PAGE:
Robert Comsol wrote: View Post

...
It's possible that Constitution Class starships (16th design) are stronger than Enterprise Class starships, so in the context of the TMP novelization you'd wonder how your strongest starships would cope with the latest Klingon Battlecruiser.

...

Bob
I think this is my main objection to your proposal. We get the idea throughout TOS that Enterprise (of series 17) is the top-of-the-line A-number-one type of vessel. Now, in princible, I have no problem with a subsequent design being in some ways inferior to its predecessor, (for example, the series 18 ship, like Reliant would seem less capable in some ways than the series 17 ships... more so in others) but I'm left with from viewing the show that NCC-17:01 is supposedly the hotness all the time. I would think that should rule out the possibility that series 16 would be the liklier match against a new Klingon ship. Since Enterprise was the best-in-show for Star Fleet, and it was series 17, then we must conclude that Kirk was wondering how the new Klingon ship would fair against the current best Star Fleet had to offer, which, seems to me would be a series 17 ship, as those have already outclassed series 16. Therefore, it seems very unlikely to me that the Constitution-class of Roddenberry's TMP novelization refers to the series 16 ships.

Anyway, I'm goofing off at work right now typing this, so I better get back to business.

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Old September 7 2013, 02:26 AM   #216
Robert Comsol
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Re: Was the Enterprise A actually the Yorktown?

Albertese wrote: View Post
We get the idea throughout TOS that Enterprise (of series 17) is the top-of-the-line A-number-one type of vessel.
Agreed, but what exactly defines top-of-the-line? Armament or other qualities like versatility, improved sensor equipment, faster warp engines, third M/AM reactor, capability to perform independent long range missions ("5-year-mission") without fuel stops etc.?

There are several indications that the pre-TOS era saw its fill of armed conflict (e.g. Donatu V) and starships with better firepower might have been the preference of these days (i.e. 16th starship series).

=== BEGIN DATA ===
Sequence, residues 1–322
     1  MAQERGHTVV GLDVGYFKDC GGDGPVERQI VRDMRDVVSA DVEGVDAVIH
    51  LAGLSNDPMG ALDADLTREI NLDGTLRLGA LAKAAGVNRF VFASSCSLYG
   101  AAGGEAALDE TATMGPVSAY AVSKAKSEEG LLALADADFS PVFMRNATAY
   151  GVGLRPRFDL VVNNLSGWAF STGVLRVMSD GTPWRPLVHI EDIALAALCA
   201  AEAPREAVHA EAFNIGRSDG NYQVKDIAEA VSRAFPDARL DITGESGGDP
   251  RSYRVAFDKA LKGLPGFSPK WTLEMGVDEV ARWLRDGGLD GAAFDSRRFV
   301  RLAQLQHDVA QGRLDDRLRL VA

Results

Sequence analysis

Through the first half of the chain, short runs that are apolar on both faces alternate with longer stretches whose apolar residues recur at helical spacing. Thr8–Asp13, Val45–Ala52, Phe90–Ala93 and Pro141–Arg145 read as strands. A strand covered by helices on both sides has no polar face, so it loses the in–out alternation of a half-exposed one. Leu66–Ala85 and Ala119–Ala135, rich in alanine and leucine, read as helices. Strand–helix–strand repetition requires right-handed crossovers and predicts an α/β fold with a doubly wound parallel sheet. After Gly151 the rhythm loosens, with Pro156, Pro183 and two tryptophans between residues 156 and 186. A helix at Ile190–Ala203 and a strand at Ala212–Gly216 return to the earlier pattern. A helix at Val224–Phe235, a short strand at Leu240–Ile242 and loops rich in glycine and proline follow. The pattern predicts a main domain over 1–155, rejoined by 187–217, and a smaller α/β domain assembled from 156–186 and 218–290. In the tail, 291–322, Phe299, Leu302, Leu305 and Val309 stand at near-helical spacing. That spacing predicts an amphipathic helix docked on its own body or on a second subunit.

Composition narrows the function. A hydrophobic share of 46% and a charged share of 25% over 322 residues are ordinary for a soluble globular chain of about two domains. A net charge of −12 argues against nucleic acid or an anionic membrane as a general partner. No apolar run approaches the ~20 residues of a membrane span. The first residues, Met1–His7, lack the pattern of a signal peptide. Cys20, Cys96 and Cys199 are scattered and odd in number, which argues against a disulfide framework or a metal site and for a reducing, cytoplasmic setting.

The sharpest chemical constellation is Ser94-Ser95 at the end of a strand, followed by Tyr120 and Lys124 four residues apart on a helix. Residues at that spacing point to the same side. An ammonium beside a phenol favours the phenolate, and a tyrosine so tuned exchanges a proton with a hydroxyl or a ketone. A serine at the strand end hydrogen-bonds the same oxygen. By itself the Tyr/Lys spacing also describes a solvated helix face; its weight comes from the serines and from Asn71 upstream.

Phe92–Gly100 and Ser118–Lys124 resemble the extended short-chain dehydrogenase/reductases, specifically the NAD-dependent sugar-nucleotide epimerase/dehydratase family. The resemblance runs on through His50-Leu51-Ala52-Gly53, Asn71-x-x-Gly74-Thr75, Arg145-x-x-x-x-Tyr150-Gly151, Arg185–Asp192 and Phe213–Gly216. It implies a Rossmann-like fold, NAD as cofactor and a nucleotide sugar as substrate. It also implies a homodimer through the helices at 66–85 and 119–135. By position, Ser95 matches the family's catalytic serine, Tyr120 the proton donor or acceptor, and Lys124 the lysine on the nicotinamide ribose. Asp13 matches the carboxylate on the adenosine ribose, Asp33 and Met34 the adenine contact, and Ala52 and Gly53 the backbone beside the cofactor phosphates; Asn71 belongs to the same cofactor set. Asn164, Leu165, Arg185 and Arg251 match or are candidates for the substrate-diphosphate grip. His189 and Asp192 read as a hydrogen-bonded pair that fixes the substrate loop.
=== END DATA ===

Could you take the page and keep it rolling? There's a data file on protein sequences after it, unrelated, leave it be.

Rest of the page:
At the beginning of TOS (starting with "The Cage") we see an era of relative peace, so the Enterprise might have been designed at a period were superior firepower was a lesser concern and other capabilities mattered (before tensions with the Klingons and Romulans became a major issue, again).

And if the Enterprise had been the strongest ship in Starfleet, why choose her for the M-5 test and send two "inferior" starships of the 16th design (Excalibur and Potemkin) against her?

Since the other four starships were prepared only for a simulation, why didn't that smart M-5 computer take out the lead ship Lexington (17th design) first and go after the other starships in the following confusion and chaos? To destroy the "inferior" starship first while you still got "bigger fish to fry" doesn't seem that smart, but if the if the M-5 considered the Excalibur to be a bigger threat its actions would make more sense to me.

Bob
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Old September 7 2013, 07:30 AM   #217
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Re: Was the Enterprise A actually the Yorktown?

Robert Comsol wrote: View Post
And if the Enterprise had been the strongest ship in Starfleet, why choose her for the M-5 test and send two "inferior" starships of the 16th design (Excalibur and Potemkin) against her?

Since the other four starships were prepared only for a simulation, why didn't that smart M-5 computer take out the lead ship Lexington (17th design) first and go after the other starships in the following confusion and chaos? To destroy the "inferior" starship first while you still got "bigger fish to fry" doesn't seem that smart, but if the if the M-5 considered the Excalibur to be a bigger threat its actions would make more sense to me.

Bob
What? None of the ships in the task force had visible registries in the original version of the episode. As far as the original intent of the episode goes, Enterprise and M-5 were going up against four other ships that were each the same as Enterprise. Potemkin and Excalibur didn't get associated with 16xx registries until after the fact. So the order in which M-5 took out the other ships doesn't really matter, since they were all intended to be equal strength.